Down-home Tuscan cooking with a touch of Washington white wine charm.
If you don’t remember, the summer of 2009 was hot. You bought your first real six-string at the five and dime, you were sweating and whining about the heat like most Seattleites naturally do all the while the grapes in the vineyards of the Pacific Northwest were getting fat and tan, with sugars inside the fruit and bronzing skin on the outside. For the novice, a hot growing season (from spring bud-break of the plant to the physical picking of the fruit during harvest) typically results in high brix (sugar in the grape) and even higher alcohol content as a result.
Reach back into your grade school memory and recall photosynthesis: the reaction where water and carbon dioxide are combined through the power of the sun to form sugar in plants or, in this case, vines. From here, the sugars are fermented into alcohol through the aid of yeasts which literally eat the sugar and spit out alcohol. Sexy, right?
As a grape variety that thrives in a hotter, longer growing season, Viognier is truly its sexiest when it is picked fully ripened. In the grape’s classic region of Condrieu in France’s Rhône Valley, vineyards of Viognier are picked at a sugar level that results in wines with 13% average alcohol content and strong aromas. Although the grape can handle the heat, the easy breezes of the Columbia Valley offer an acid component to the fatty, fleshy wine to ultimately balance out a wine that can be flabby.
With nearly 400 acres planted in Washington state, more vintners are discovering how the grape handles the unpredictable seasons of the Northwest. First planted at Red Willow Vineyard in Yakima Valley nearly 30 years ago, Viognier is often blended with Chardonnay, Roussanne and Marsanne (the latter two being its siblings from the Rhône) and now, copied from the Australian style of Syrah, red is co-fermentation with a few percentage points of the white wine.
Back to the summer of 2009 — it was warm out there in them hills of Eastern Washington so it came as a blessing to growers, grapes and winemakers that 2010 was a smidgen cooler, allowing the fruit to develop into deeper complexities and nuances, instead of just gooey, globby ripe fruit that packed a punch of booze. 2010 has been this particular wine writer’s favorite white wine vintage for many Washington and Oregon producers.
The Restaurant: Cantinetta Seattle — This quintessential Wallingford abode was built into a brick building in the winter of 2008/09, with a serious cocktail bar (that comes sans a menu), a respectful wine list featuring Tuscan gems plus the best of the Northwest and all to the smell of handmade feature pastas boiling. Cozy up into a corner table and catch a glimpse back at the city as it simmers in the sunset and you sip a model-made Negroni and narrow down whether you want the duck sausage or the daily fish catch after your annihilate three pasta dishes.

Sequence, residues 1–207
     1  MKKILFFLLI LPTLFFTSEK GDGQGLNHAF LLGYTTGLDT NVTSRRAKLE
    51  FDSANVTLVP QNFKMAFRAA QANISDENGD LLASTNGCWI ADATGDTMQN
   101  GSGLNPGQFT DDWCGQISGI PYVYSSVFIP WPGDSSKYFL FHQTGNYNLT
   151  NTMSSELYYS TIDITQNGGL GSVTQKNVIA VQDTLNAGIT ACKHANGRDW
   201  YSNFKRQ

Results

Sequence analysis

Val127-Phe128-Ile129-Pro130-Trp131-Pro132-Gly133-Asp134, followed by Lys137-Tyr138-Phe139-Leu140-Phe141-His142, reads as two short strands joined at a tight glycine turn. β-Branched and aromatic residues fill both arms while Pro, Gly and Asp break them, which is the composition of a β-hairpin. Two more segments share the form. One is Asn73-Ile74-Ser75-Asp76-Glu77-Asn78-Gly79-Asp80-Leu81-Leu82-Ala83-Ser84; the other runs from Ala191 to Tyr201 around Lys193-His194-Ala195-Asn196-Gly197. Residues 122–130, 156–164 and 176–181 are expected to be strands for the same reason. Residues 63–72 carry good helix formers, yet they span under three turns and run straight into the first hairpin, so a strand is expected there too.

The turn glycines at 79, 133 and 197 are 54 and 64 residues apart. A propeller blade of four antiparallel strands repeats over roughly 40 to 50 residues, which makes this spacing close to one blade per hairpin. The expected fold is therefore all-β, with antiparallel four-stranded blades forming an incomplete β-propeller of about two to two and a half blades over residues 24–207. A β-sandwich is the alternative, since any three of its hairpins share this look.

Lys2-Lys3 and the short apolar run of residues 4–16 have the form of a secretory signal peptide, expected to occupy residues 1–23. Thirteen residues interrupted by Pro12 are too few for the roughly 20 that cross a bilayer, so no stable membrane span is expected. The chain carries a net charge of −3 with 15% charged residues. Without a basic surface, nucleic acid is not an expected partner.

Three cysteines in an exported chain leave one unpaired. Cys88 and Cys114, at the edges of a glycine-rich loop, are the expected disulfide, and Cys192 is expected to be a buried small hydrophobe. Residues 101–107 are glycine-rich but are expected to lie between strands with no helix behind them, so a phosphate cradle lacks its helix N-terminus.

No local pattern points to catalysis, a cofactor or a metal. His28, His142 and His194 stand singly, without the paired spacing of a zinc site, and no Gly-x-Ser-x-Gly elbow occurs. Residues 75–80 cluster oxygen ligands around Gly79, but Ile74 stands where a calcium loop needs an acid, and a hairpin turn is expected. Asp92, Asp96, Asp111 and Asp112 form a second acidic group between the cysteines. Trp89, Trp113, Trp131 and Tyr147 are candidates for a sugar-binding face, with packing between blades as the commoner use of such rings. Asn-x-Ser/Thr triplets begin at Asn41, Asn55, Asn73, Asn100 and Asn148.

The Dish: Saffron Papperdelle ($18) — Souped up with Dungeness crab and panna fresca cream, the wide-noodle house-and-hand-made delicacy of Cantinetta is enhanced with more lavish flavor through the exotic grace of saffron spice.
The Variety: Viognier — Known for its floral bouquet and its palate of fleshy, ripe stone fruits of apricot and citrus flavors of orange and lemon, Viognier is making its presence known in the United States with California’s Central Coast and its Rhône Rangers leading the pack by planting more than 2,000 acres. And, ironically enough, Viognier was crowned the official state grape of Virginia last year, whose warm climate is a match for the grape. And their names are similar.
Why It Works: Rich, meet Rich. Fortunately, the Viognier richness is balanced out with some assertive acid so pasta richness is complemented yet contrasted in just one sip.
The Recommended Match: àMaurice Cellars 2010 Viognier, Columbia Valley ($25) — Fermented in French oak and put through malolactic fermentation to smooth out the possible rough edges, the toasty notes of the wood come out on the nose but since the barrels had a bit of age on them (two years), the tone is found deeper in the palate with its round, full-bodied structure. Loaded with fresh blossoms on the nose and fleshed out by citrus and nectarine fruits, the palate is accented by firm acidity, silty mineral tones from the land and the undeniably higher alcohol content of the grape.
Finishing rich yet vibrant, this wine is robust on its own and a complementary partner to an equally boisterous pasta dish.
Cantinentta Seattle | 3650 Wallingford Ave, Seattle | (206) 632-1000